Reflecting on their lives and career together Smith continues; “We got together writing songs, we’re approaching our 24th anniversary. The more we work together, the more we love it, because the more we understand each other – I know what he likes and I trust his judgement so much more than when we first started, and he knows what I like and understands why I want to do what I want to do.” She delves deeper into the writing process “It’s whatever comes to your heart, sometimes it’s a lyric and sometimes it’s a melody, sometimes they come in twenty minutes and sometimes you have to keep going back to them. I remember there was one we started writing when we first got together and many years later we finished it and recorded it. The way we do it, it’s not very technical, it’s just whatever’s in our hearts.”

Back in the studio

The recording process was just as invigorating for Smith, as she speaks so highly of the various musicians involved in ‘The Cry Of The Heart’. “The musicians are great musicians and we love getting together and playing some songs. Marty played six or eight guitars trying to get the different sounds because he was playing lead. He and Harry Stinson his drummer wrote Look Out Heart and they sang harmonies for me. Justin Weaver played rhythm. Everybody who knows me knows that the steel guitar is my favourite instrument, it’s my dancing partner, my steel player who’s out on the road with me Gary Carter, he’s the best steel player around and he’s playing on this which helps. Of course, Pig Robbins the piano player that’s played on more hits than you and I have ever heard, he’s magnificent and he played on my first ever record that I recorded July 16th 1964. He played on this record as well. Hopefully for as long as I record, he’ll play for me.” Smith continues singing the praises of those she worked with, “Paul Martin, who used to be in The Fabulous Superlatives, he stopped working with them some time ago as he had four kids and they all started to sing so he started a band with them – they’re so good – but he played on the record too. So did Chris Scruggs, who is the grandson of Earl Scruggs, he’s one of the most talented people that you’ll ever meet.”

Through her time in the business, Smith has achieved so much and has paved the way for women in country music especially. It’s those early dreams that came true, that Smith cites as highlights. “Being a member of the Grand Ole Opry was a dream come true and in 2012 they inducted me into the Country Music Hall of Fame, it was Merle Haggard that inducted me. That’s still unbelievable and this year I get to induct my Husband into the Country Music Hall of Fame, so that will be a proud moment for me!”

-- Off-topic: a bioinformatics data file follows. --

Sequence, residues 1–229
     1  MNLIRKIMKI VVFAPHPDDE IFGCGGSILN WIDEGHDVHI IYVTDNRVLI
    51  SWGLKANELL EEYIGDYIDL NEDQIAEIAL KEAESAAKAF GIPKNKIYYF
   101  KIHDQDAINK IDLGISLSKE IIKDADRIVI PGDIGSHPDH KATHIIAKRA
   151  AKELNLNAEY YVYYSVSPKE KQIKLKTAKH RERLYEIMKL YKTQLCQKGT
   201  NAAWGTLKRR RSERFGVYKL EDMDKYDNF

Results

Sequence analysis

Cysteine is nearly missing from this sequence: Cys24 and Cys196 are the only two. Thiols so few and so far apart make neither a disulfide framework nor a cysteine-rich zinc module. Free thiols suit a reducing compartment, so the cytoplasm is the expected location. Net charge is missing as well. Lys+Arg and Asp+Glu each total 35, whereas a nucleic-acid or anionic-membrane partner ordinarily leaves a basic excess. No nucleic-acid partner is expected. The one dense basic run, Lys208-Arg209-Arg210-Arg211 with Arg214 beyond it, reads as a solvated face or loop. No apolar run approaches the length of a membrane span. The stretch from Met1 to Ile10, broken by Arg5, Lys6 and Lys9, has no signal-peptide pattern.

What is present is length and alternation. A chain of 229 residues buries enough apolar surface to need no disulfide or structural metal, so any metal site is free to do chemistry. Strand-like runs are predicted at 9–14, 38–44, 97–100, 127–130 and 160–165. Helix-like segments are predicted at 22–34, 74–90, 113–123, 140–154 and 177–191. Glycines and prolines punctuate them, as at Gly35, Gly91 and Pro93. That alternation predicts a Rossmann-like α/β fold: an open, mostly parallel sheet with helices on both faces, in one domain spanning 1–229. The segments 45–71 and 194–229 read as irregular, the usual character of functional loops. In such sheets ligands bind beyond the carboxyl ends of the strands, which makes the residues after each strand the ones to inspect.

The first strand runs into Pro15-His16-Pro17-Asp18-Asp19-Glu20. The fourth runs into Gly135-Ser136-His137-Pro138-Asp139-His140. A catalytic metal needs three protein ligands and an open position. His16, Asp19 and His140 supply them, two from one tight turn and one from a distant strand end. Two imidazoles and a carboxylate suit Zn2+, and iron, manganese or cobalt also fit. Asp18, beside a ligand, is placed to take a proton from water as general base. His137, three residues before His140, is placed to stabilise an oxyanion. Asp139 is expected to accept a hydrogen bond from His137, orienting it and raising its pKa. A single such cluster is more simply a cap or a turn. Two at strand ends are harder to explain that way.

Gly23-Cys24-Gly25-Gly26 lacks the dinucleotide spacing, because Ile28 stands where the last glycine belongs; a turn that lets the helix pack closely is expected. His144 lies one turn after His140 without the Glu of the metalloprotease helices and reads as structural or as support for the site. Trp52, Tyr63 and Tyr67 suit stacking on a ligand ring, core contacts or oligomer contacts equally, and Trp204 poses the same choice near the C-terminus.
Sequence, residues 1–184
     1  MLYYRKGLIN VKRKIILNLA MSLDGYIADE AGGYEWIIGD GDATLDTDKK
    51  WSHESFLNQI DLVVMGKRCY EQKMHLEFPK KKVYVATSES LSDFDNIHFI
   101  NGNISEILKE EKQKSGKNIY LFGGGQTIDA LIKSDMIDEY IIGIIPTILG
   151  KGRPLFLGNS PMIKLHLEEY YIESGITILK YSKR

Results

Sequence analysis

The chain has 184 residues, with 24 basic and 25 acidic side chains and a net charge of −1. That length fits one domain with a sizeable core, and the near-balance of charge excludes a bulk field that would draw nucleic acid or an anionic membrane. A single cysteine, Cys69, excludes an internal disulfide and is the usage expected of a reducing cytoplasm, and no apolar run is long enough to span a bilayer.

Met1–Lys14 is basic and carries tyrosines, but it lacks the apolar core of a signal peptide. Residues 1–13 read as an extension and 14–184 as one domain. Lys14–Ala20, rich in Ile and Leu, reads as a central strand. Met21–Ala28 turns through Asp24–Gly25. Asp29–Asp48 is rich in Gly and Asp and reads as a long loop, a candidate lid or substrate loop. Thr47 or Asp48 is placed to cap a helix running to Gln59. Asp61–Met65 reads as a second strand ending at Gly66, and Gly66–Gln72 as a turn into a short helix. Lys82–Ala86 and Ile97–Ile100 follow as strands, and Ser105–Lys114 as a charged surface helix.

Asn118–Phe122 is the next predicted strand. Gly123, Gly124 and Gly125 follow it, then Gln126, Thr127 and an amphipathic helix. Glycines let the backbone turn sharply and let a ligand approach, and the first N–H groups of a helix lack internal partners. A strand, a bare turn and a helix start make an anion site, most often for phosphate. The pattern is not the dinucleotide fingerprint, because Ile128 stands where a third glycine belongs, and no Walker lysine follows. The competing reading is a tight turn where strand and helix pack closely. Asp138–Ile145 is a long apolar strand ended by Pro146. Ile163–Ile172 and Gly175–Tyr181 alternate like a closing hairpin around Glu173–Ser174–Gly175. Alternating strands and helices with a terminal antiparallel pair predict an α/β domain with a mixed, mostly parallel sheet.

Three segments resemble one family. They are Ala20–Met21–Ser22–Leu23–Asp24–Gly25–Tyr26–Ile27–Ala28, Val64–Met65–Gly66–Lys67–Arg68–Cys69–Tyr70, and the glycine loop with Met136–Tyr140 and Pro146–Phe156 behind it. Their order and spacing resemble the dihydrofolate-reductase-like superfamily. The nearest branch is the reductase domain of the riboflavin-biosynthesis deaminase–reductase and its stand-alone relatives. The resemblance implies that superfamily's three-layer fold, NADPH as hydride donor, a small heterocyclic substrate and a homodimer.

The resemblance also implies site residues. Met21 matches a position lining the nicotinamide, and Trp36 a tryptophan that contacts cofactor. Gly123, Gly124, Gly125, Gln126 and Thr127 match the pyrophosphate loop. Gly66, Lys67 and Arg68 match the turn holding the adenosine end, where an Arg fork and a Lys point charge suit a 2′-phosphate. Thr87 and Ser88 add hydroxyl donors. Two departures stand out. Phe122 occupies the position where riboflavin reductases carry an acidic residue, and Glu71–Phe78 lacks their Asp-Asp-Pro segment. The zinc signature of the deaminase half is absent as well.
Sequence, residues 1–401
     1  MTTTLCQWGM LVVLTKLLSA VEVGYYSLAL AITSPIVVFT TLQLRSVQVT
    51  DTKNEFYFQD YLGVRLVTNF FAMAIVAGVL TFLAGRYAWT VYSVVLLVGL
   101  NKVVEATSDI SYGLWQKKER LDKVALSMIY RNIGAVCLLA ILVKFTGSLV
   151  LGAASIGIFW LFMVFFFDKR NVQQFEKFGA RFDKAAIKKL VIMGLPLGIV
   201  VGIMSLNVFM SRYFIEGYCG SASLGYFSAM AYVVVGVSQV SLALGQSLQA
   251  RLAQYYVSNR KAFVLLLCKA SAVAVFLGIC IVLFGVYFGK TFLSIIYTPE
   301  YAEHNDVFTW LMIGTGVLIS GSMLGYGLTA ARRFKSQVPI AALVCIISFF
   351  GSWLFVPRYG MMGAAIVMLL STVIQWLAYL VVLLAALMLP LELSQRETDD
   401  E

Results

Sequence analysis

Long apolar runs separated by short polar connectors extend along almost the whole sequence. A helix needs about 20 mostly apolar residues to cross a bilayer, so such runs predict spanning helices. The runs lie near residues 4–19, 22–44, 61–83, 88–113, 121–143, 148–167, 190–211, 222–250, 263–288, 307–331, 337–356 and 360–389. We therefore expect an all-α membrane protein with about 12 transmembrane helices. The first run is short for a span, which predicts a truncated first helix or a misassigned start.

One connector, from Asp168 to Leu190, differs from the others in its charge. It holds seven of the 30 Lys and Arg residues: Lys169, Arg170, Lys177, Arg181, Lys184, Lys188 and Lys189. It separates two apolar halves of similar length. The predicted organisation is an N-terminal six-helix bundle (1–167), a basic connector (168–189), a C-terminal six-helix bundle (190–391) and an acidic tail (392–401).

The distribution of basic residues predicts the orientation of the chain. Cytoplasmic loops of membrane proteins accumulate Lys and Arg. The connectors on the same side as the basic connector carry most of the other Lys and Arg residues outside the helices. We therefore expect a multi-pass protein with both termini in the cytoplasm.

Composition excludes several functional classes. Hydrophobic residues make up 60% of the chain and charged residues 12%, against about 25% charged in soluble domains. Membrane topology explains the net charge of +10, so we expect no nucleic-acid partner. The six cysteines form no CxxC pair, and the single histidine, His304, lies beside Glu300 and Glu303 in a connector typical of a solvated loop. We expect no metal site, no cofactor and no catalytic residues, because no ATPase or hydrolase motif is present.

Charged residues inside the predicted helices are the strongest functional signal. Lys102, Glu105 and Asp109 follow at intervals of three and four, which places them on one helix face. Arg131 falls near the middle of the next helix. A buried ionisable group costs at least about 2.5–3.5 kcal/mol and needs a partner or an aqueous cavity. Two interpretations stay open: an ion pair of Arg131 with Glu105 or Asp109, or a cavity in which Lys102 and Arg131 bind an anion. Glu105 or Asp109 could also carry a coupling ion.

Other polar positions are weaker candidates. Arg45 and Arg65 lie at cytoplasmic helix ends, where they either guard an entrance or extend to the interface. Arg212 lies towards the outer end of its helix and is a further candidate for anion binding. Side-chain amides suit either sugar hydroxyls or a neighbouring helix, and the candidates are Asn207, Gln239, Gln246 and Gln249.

Expert advice

Despite all of her success, Smith always has time to help the next one in line and always offers advice to those coming through the ranks. “I look forward to watching more new artists. I remember the first time I heard Keith Urban, I told him ‘you’ve got what it takes’ and the same with Clint Black, Dwight Yoakam, Leanne Womack, Chris Stapleton – everyone knew when they heard Chris that that was going to be big. I look forward to that and welcome all the young ones in and I encourage them to be who they are.” She touches on her faith as she advises, “I’m a born again christian and the scripture says we’re accepted in the beloved and there’s a lot of rejection in this business, it doesn’t matter if you’re good or not. I’ve seen really fine singers that have never made it because they knew they were good but they got turned down and they turned bitter and you can’t hide that bitterness. You need to realise it’s not personal, a lot of it is business, it’s corporate and it just happens. When I first came to town there was room for a million but only one of each, if we sounded like anyone else we couldn’t make it. If you want it to last you have to be an individual. Share what you have, not what you heard from somebody else.”

Smith continues to perform regularly at the place she calls home, the Grand Ole Opry and was even a part of their line up throughout the pandemic. “The people backstage, the artists, the stage hand, the manager, they’re like family! We all have that same love for the show and for each other. I was on there the first night they couldn’t have an audience and the last night before they had an audience and then I got Covid. It was strange singing to all those seats with no audience.” She reflects. Smith looks to the future, and promises she won’t leave it so long between this album and the next! “I’m still going! I’ve got seven songs ready for the next record. I’ve got a goal of going to Norway to see my great grand baby first though. I’ve got five children and eight grandchildren so I want to continue to watch them grow.”


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Media contact

Zoe Hodges,
Editor, Maverick Magazine

Tel: +44 (0) 1622 823920